By: Laura Steiner
Troy Newton’s Diner (Troy’s Diner) has been a staple on Main St. for the last decade. He realizes the need for fairness when it comes to wages. “I believe every Ontarian should earn a fair minimum wage, but every business owner should be profitable enough to pay it,” he said in a recent interview.
Newton believes it’s about balance. A restaurant owner can make as much as 3.5% of their bottom line as long everything goes right. The new labour reforms including minimum wage increase, and paid sick days will cost his diner $46,000/year. It puts him in a tough spot. “If you continue to increase your prices to compensate for it, your customers aren’t going to come back. If you don’t increase your prices, you won’t be in business to have a customer anyways.” he said
Newton thinks more study is necessary. “We should look at statistics, we should look at other people that have done the minimum wage to see the result,” he said. Newton cited Seattle, Washington as his example.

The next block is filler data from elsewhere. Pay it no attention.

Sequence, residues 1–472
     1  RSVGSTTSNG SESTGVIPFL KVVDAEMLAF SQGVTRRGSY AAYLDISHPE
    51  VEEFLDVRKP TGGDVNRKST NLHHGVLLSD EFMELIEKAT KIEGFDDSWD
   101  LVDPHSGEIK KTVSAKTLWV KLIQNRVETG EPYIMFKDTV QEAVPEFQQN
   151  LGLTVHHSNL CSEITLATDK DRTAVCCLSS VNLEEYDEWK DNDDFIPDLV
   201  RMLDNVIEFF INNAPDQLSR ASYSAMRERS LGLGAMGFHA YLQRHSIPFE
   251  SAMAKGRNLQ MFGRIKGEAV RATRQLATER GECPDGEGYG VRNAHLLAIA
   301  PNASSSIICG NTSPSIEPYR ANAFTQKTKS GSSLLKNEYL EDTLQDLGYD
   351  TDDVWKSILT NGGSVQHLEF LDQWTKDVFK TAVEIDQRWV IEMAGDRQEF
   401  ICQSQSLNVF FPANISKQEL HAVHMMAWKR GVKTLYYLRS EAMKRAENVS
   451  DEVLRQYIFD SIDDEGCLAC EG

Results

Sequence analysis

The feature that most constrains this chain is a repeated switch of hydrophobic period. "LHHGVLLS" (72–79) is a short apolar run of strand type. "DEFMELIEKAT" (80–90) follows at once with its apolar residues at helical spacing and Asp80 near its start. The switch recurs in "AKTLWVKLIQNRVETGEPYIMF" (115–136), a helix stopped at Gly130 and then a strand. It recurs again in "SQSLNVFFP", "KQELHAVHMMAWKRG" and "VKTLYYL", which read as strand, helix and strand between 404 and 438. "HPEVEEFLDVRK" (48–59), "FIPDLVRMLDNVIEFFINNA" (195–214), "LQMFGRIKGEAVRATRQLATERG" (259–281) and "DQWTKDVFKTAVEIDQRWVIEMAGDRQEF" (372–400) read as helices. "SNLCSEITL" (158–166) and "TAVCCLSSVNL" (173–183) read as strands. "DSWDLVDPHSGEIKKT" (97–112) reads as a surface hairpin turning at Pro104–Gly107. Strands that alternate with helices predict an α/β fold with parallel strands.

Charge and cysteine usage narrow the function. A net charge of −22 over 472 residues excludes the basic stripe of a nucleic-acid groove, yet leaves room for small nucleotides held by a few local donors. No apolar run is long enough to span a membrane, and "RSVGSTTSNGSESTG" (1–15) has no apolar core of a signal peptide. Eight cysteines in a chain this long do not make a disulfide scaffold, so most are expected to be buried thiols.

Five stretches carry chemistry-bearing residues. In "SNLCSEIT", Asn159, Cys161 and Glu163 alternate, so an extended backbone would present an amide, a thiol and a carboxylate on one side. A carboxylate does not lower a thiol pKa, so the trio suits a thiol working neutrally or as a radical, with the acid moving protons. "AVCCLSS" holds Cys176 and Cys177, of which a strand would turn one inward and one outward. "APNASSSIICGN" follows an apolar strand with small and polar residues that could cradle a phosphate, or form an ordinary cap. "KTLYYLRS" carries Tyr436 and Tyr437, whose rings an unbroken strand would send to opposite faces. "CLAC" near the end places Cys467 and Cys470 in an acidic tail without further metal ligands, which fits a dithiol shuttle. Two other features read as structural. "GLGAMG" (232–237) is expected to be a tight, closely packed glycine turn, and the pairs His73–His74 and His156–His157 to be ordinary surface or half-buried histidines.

In 2014 Seattle city council announced efforts to increase minimum wage to $15/hr by 2021. In June, 2016 a study was done looking at two different increases. The group from University of Washington looked at two different increases. The first increase implemented in April, 2015 raised the wage based on the business size and benefits from $9.47/hr to a range of $10-11 hour. The second increased in January, 2016 bumped it up to a range of $10.50-$13/hr. The study found the second jump had a larger impact, raising the low-wage earners’ income by 3% since 2014. But they also saw a reduction in hours worked, by 9%. This adds up to a total of $125 less/ month per job.
Newton has already cut back his own hours. His diner used to be open from 6 a.m.- 8 p.m. He now opens at 7 a.m. It cuts full-time employee hours down by 20 hrs/ month. Newton is known for giving back to the community. “I’m sick to my stomach that I say no to people,” he said. He has had to cut all sponsorship, and donations.
He has a different idea for the Liberals. “Why don’t we lower taxes for the people who are on a lower income?” Let’s lower their tax bracket so they have a higher earnings they can take home,” Newton said.
The legislation: Fair Workplaces, Better Jobs Act (Bill 148) reached the stage of its second reading in the Ontario legislature September 13, 2017.
Editor’s note: Numbers used come from the Seattle Times, June 26, 2017.